The History of Newburgh Cemetery
The pioneers of Livonia Township first settled in what was the section called Bucklin Township ( Organized as Bucklin in 1827, Nankin in 1829, and Livonia in 1835), they built their homes, cleared their lands, organized a Methodist Church Society in 1827, built a schoolhouse in 1830, and two years later, organized a burying society on land donated by Joseph Kingsley.
Salmon Kingsley, father of Joseph, and a Revoluntionary War Veteran, had died in 1827, and was buried on this land. This is the first recorded burial in Livonia.
The records of this burial society are kept in a ledger, 8 inches by 12 inches, which is in the possession of the Livonia Historical Society or the Michigan Historical Collection in Lansing, Michigan. It contains a plot of the cemetery, together with minutes of all the meetings held from 1832 to 1923.
Newburgh Cemetery is located on the north side of Ann Arbor Trail, between Wayne and Newburgh Roads and is presently about 2.35 acres of land. The description of the original purchased is described in the minutes of the burial society in 1848.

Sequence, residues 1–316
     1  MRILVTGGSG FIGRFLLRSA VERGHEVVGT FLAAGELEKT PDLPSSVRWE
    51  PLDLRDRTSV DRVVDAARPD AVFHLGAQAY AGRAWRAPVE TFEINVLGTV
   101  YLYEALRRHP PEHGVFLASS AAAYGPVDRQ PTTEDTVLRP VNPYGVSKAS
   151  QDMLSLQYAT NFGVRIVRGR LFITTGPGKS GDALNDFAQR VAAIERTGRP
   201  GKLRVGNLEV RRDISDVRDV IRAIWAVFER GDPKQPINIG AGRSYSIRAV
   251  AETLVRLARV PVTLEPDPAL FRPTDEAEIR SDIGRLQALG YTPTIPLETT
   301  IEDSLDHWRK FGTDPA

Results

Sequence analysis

It reads in part: " All that certain tract or parcel of land lying and situated on the west half of the southeast quarter of Section 32 in Township One; South of Range 9 East.... containing 1.38 of an acre."
You can view the original land owners of Section 32 on the Livonia Land Owners Page.
31 members of the burial committee donated the monies to purchase this property, the lumber, labor, and any other material needed to establish the cemetery. The money ranged from 25 cents to 1 dollar, and totalled $11.84, while the lumber ranged from 200 to 500 feet. 34 and one-half days of labor and 5,100 feet of lumber were donated. Other items used for payment included nails, gate hangings, and a hook for the gate. The total monetary value amounted to $41.90.
The society formally organized on November 23, 1832, held its first meeting in a log cabin schoolhouse, now known as Newburgh School. They named their society and it's purpose as follows:
" .. this shall be called the Union Society of Nankin, the object of which shall be to procure and enclose a suitable site for interment."
The price of a lot was set at 50 cents, and also entitled the lot owner voting privileges. 53 members of the community purchased lots, varying from 1 - 5 , and each lot was 9 feet by 25 feet in size.
The first officers of the Union Society of Nankin were: Luther Dean, president; Samuel Ely and George Durfee, trustees; William B. Dean treasurer; and Ebenezer Smith, secretary.
notes from society minutes courtsey of Michigan Historical Collections 4:144 & 39:348 Lansing, 1890 & 1883
To View Cemetery Stone transcriptions Of Newburgh Cemetery.
View Livonia Original Land Owners
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